A top barrister claims the Government is leaving the justice system “on its knees” after failing to appoint any members to a much-heralded review of legal procedures.
Ahead of the 2019 election, the Tories vowed to pump £3million into a Royal Commission on criminal justice to improve efficiency and effectiveness in the areas of prosecution, trial, sentence and parole.
The last time such a review was carried out, in the early 1990s, it led to the creation of a body dedicated to investigating miscarriages of justice – the Criminal Cases Review Commission.
Despite the Government committing to the Royal Commission in its election manifesto, and including the plan in the Queen’s Speech in December, work on the initiative has ground to a halt.
Asked when the chair, timings, and the terms of reference of the Commission would be announced, the government’s Justice spokesperson in the Lords, Lord Keen, replied: “We are addressing the scope, terms of reference and membership of the commission.
“In doing so, we intend to embrace the lessons we can learn from the present [Covid-19] crisis; further announcements will be made in due course.”
Amanda Pinto QC, chair of the Bar Council, the body representing barristers in England and Wales, said progress on the Commission is “long overdue”.
She said: “It was blindingly obvious that the criminal justice system was on its knees before the pandemic hit, due to decades of underfunding.
“The appalling backlogs of cases – 40,000 and counting – are not born of the pandemic, although they are undoubtedly exacerbated by it.
“The Government had recently shown interest in law and order, as it looked to increase the recruitment of police officers and CPS prosecutors and Crown Court sitting days.
“That impetus has not only slowed down but has apparently gone in reverse, because of the restrictions made necessary by Covid-19, so, it is now even more important that the Commission goes forward at pace.”
The Government’s admission that a chair has yet to be appointed to the Commission, and the terms of reference have still not been drawn up, was criticised by the former Chief Inspector of Prisons, Lord Ramsbotham.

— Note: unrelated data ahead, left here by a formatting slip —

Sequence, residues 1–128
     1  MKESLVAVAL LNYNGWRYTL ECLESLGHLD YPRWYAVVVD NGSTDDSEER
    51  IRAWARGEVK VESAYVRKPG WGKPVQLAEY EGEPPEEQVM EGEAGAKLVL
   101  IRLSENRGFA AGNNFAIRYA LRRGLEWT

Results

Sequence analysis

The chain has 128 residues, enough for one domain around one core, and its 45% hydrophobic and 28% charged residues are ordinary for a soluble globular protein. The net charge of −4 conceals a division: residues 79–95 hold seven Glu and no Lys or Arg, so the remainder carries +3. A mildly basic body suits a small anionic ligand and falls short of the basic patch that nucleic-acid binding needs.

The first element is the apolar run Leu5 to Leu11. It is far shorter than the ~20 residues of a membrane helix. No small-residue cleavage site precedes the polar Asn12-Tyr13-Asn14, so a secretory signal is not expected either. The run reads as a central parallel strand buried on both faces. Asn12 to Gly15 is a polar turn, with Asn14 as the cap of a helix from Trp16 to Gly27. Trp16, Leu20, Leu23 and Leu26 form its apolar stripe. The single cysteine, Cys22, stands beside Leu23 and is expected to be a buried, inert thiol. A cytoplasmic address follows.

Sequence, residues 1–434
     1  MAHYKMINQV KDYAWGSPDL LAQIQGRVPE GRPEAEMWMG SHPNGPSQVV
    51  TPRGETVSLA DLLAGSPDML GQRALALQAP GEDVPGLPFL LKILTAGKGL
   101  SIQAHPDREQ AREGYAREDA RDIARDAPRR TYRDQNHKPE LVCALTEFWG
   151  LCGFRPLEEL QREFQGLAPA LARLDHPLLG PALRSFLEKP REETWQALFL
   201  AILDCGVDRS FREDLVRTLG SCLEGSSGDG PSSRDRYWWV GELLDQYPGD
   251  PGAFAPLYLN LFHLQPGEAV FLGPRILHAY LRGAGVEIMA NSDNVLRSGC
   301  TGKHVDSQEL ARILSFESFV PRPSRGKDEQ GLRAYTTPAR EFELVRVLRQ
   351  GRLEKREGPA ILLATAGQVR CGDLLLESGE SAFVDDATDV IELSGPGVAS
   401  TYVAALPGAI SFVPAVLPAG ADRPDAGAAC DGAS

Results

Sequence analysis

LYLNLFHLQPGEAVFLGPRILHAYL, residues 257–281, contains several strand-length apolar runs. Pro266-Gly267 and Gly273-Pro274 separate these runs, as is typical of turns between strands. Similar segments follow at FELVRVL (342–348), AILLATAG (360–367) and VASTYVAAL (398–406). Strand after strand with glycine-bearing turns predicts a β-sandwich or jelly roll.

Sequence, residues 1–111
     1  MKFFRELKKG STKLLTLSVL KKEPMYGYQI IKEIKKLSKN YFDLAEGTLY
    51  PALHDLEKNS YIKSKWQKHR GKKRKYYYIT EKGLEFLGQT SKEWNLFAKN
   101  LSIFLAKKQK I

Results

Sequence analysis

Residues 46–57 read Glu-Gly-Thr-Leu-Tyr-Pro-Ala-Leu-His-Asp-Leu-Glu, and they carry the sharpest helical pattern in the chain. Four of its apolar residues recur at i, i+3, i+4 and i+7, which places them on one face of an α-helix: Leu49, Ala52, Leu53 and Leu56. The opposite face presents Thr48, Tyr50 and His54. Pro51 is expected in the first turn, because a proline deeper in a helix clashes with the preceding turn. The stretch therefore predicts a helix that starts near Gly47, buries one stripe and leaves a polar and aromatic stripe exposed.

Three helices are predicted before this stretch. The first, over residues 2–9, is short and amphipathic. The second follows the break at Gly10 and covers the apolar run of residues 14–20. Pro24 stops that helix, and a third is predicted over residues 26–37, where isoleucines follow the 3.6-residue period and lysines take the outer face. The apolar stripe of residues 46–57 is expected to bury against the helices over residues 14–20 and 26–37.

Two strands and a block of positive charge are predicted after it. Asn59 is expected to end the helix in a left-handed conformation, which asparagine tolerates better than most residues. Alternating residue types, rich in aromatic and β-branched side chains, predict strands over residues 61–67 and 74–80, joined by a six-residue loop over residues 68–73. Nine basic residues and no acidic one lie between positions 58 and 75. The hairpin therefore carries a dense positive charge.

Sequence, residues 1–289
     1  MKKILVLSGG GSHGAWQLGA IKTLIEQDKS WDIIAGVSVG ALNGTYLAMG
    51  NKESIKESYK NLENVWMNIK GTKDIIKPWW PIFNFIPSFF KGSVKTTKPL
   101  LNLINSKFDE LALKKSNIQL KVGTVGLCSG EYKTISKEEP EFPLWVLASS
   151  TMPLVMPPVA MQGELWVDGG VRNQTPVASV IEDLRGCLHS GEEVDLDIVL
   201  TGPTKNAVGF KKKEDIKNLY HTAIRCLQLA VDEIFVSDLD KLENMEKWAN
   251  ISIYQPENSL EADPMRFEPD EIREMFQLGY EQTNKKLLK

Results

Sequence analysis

He told the House of Lords: “The prison and probation parts of the criminal justice system are in such a deep crisis—and not only because of the impact of Covid-19.
“I would have thought it sensible at least to have nominated the chair of the Royal Commission, so that he or she can monitor any lessons learned from attempts at resolution of that crisis.”
Sir Bob Neill, the Conservative MP who chairs parliament’s Justice Select Committee, echoed the concerns of Lord Ramsbotham.
He said: “It is obviously desirable that we should have clarity upon the make up and work programme of the Commission as soon as possible.
“The Justice Committee has been taking evidence on the impact of Covid-19 upon the justice system and there are lessons to be learnt from that experience which are relevant for the future and It would make sense for the Commission to take those into account.”
At least 23 prisoners and nine staff are known to have died while suffering from Covid-19, and there have been reports some inmates are self-harming or being violent towards others in order to be put in solitary confinement as a way of protecting themselves from the virus.